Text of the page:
From state-of-the-art technology and annual training stipends to frequent social outings and fitness programs, kCura prides itself on being a great place to work.
Since its founding in 2006, Ontraport grew from three partners to a full-time staff of 30. Ontraport is an all-in-one integrated platform used by entrepreneurs to start, systematize and scale their businesses. In the past year, the company doubled its staff and expects to triple or quadruple its growth in the coming year. Ontraport offers a multi-faceted apprenticeship program where employees shadow department leaders and learn new disciplines across the company.
Ontraport is committed to helping other small businesses succeed. The company’s CEO provides pro-bono coaching to small business owners on establishing and growing their companies. Ontraport also supports the community through its involvement with an organization that helps neglected children find safe and permanent homes.
Daily catered lunches, daily recesses, a state-of-the-art break room with a fully-stocked snack wall, and bi-yearly camping and ski trips round out a unique employee experience.
Launched in 2001, CivicPlus now has 120 employees and provides community engagement and government website solutions for more than 1,100 local government entities throughout the U.S., Canada and Australia. Their staff and client base both grew by around 30 percent last year and is on course to do the same in 2012. CivicPlus is committed to investing in its staff: all employees are given Individual Development Plans to map out their training for the year, so new skills development is always in motion.
Additionally, CivicPlus engages in charitable events throughout each year, such as Hackathon contests to provide free redesigns of community websites. Most recently, the company held a Hackathon in Joplin, MO (which was hit by a tornado last year) and is completing development of a new, more-engaging online platform to help the city better manage emergency communications.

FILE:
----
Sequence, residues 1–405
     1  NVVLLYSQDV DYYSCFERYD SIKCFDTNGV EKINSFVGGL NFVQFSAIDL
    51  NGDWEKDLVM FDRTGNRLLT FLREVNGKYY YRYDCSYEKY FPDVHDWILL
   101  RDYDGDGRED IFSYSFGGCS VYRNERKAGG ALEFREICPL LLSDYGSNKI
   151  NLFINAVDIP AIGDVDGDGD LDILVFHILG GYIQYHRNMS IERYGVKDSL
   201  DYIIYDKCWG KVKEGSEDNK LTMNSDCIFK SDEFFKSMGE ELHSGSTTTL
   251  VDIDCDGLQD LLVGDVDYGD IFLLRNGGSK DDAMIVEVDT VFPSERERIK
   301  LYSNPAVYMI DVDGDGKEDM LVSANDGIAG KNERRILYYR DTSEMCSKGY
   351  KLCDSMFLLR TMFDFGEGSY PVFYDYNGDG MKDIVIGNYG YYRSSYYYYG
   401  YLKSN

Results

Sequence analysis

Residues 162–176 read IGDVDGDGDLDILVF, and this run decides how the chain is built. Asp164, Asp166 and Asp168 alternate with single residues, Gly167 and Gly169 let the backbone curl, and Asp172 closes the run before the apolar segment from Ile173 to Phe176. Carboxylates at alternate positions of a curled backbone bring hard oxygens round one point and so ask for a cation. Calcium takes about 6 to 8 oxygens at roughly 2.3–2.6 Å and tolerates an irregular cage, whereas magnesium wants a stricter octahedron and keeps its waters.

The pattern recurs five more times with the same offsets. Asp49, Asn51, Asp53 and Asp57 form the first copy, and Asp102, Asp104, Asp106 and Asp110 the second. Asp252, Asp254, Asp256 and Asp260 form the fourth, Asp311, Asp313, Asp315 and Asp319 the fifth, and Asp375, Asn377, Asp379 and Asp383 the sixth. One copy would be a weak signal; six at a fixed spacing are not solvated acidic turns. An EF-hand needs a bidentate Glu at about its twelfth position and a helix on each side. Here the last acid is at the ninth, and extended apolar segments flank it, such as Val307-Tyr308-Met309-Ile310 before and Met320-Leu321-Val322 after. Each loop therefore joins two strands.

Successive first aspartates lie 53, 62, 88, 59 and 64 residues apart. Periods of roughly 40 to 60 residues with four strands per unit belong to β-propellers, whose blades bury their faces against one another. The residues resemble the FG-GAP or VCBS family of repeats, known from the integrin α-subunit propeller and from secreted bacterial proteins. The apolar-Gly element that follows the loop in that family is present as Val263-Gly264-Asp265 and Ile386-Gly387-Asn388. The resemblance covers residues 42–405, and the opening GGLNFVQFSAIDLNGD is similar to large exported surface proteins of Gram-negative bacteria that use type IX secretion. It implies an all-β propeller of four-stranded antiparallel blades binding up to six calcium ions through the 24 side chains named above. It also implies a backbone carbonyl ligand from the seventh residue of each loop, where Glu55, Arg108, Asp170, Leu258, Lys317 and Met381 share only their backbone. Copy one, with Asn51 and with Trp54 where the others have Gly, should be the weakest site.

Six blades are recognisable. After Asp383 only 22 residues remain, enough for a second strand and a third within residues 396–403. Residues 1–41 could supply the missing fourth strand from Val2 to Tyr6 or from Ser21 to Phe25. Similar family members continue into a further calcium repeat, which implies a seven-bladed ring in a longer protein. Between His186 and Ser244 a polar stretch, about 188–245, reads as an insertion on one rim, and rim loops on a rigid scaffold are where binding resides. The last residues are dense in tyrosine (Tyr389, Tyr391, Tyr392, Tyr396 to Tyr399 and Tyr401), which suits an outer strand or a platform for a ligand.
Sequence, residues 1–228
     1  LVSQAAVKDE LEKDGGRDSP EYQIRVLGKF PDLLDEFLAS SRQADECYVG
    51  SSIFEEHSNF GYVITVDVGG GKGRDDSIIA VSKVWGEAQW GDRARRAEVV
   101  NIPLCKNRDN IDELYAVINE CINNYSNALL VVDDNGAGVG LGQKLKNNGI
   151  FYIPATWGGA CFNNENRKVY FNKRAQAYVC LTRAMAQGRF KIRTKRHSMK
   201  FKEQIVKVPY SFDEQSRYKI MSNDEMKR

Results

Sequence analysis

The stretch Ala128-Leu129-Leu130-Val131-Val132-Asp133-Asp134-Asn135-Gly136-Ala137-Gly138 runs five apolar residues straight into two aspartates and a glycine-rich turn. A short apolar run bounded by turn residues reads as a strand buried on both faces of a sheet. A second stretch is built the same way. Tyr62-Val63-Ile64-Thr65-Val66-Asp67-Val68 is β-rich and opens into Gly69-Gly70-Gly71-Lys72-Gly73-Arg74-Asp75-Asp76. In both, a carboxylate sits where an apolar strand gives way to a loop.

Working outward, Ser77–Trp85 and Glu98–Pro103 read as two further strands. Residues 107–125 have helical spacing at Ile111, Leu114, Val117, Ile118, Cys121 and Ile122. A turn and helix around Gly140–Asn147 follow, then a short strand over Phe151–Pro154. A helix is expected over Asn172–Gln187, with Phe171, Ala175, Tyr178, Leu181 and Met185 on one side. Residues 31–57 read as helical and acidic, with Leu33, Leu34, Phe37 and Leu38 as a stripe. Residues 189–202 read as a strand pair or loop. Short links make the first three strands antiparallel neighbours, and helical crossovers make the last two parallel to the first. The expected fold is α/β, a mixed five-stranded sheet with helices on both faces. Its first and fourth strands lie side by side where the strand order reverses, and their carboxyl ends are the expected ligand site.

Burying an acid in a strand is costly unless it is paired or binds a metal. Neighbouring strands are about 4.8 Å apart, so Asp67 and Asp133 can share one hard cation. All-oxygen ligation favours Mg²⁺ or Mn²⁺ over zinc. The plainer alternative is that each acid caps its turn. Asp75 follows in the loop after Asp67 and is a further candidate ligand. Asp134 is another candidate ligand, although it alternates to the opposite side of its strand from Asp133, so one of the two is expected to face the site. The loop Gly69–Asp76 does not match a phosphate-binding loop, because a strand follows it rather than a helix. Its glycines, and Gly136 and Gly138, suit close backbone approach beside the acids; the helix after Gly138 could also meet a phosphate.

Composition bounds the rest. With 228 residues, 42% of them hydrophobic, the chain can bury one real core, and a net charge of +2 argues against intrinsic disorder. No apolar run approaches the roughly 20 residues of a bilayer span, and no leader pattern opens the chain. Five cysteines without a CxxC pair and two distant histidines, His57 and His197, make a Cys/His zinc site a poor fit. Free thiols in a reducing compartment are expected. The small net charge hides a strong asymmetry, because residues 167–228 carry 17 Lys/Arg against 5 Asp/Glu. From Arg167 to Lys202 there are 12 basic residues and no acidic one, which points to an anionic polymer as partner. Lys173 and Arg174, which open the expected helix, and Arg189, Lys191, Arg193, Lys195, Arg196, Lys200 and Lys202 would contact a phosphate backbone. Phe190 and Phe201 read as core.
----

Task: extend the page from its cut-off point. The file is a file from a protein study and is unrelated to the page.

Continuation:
The employee experience at CivicPlus is focused on innovation. Each month an Innovation Team is formed to present a new idea and business case to executive leaders, taking a week off from their regular duties to focus on a new initiative of their choosing.
For information on small business employment trends and strategies, check out CareerBuilder’s Small Business Hiring Guide.
The surveys were conducted online within the U.S. by Harris Interactive© on behalf of CareerBuilder among 1,058 hiring managers and human resource professionals (employed full-time, not self-employed, non-government) who work in small business (250 or fewer employees) between February 9 and March 2, 2012 (percentages for some questions are based on a subset, based on their responses to certain questions) and among 641 hiring managers and human resource professionals (employed full-time, not self-employed) who work in small business (250 or fewer employees) between February 8 and February 29, 2012 (percentages for some questions are based on a subset, based on their responses to certain questions). With pure probability samples of 1,058 and 641, one could say with a 95 percent probability that the overall results have sampling errors of +/- 3.01 and +/-3.87 percentage points, respectively. Sampling error for data from sub-samples is higher and varies.